AKD Quotidian about —: Banks: The Pros & Cons of PIB conversion
Karachi: In a bid to resolve the circular debt issue (at least to settle accumulated balance est. at PkR280bn), the GoP will convert outstanding banking facilities provided to Power Holding Pvt. Ltd and NTDC into PIBs.
According to AKD Securities, for banks, this should lead to 1) improvement in asset quality metrics and CAR, 2) potential space for further exposure to the energy chain, 3) recognition of suspended interest income – est. PkR10bn for the industry, 4) better liquidity due to a more active PIB secondary market and 5) lower repricing at current PIB rates vs. – 6M KIBOR +2% earlier. Regarding the latter, anticipated interest rate declines going forward should again lead to book value gains (although the GoP may choose to delay the swap post the Oct 8′ll monetary policy statement). That said, this is a temporary solution which does not preclude the need for further power sector reforms and tariff increases. Nevertheless, AKD Securities sees net benefits for the banking sector at large, particularly for NBP, HBL, UBL and BAFL. The energy chain may also benefit, provided banks are willing and able to enhance exposure.
PIB Conversion: Over the last few years, banks have acquired sizeable exposure to the power sector through both direct loans and TFCs. However, repayments have faced delays although government guaranteed funding is exempt from provisioning, interest income on overdue facilities is held in suspense. Now, the GoP will convert outstanding banking facilities provided to Power Holding Pvt. Ltd and NTDC into PIBs (3yr: 20% of amount. Syr: 30% of amount, l0yr: 50% of amount). While this transaction should succeed in erasing accumulated circular debt (or at least the bulk of it), it does not address the root cause of circular debt. Nevertheless, most banks are likely to be pleased with the outcome.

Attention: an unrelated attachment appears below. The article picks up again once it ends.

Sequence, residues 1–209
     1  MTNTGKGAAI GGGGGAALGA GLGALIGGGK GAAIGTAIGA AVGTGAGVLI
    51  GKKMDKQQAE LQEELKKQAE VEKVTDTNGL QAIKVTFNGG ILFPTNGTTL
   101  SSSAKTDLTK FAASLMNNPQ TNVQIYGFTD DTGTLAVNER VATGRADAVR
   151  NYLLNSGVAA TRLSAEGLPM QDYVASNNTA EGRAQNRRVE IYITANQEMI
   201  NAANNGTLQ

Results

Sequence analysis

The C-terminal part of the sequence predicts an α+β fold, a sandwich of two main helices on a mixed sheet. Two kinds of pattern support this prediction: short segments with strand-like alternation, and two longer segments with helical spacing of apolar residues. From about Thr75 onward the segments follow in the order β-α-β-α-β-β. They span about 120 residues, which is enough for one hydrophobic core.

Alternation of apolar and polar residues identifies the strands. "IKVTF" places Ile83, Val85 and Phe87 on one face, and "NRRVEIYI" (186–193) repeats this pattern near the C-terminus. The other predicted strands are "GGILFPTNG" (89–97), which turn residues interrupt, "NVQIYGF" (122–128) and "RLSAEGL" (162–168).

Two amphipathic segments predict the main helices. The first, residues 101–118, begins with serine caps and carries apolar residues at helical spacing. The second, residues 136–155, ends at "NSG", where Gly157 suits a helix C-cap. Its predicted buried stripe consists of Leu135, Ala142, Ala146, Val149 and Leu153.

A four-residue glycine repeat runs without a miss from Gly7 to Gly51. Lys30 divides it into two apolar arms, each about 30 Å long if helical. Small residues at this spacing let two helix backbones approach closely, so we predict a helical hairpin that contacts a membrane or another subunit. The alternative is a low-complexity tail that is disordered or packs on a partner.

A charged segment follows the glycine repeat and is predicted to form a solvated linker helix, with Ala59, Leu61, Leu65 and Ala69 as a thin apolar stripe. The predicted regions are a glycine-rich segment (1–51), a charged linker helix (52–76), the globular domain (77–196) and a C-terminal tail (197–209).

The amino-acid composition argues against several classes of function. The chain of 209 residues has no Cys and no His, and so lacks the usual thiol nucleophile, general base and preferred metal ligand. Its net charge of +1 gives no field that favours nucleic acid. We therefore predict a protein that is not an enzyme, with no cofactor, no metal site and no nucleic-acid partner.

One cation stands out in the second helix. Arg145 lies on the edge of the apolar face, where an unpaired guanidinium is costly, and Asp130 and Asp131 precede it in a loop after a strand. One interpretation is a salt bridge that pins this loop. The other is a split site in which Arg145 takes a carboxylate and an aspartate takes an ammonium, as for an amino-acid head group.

Impact on Banks: Circular debt (including suspended markup) is estimated to stand above PkR28Obn of which AKD Securities understands that facilities of about PkR50bn had become overdue. As such, AKD Securities estimates that suspended markup for the industry is about PkR10bn where beneficiaries would include NBP (susp. markup: ~PkR1bn; EPS impact: PkRO.39), HBL (susp. markup: PkR600mn; EPS impact: PkR0.35) and UBL (susp. markup C PkR500mn; EPS impact: C PkRO.27). Medium-sized banks like BAFL and AKBL may also be able to realize material markup recognition considering their exposure to Power Holding (Pvt) Ltd TFCs on Dec 3110 stood at PkR18.4bn (83% of equity) and PkR7.2bn (43% of equity), respectively. That said, a drawback is that the PIBs are likely to be priced at yields which are lower than the existing rate on circular debt-related TFCs (~6M KIBOR + 2%) – the GoP may also choose to delay this swap transaction post the Oct 811 monetary policy (expected DR cut of at least 50bps) to lock-in a lower rate. While this may lead to some NIM compression going forward, the flipside is stronger balance sheets (improvement in CAR and asset quality metrics).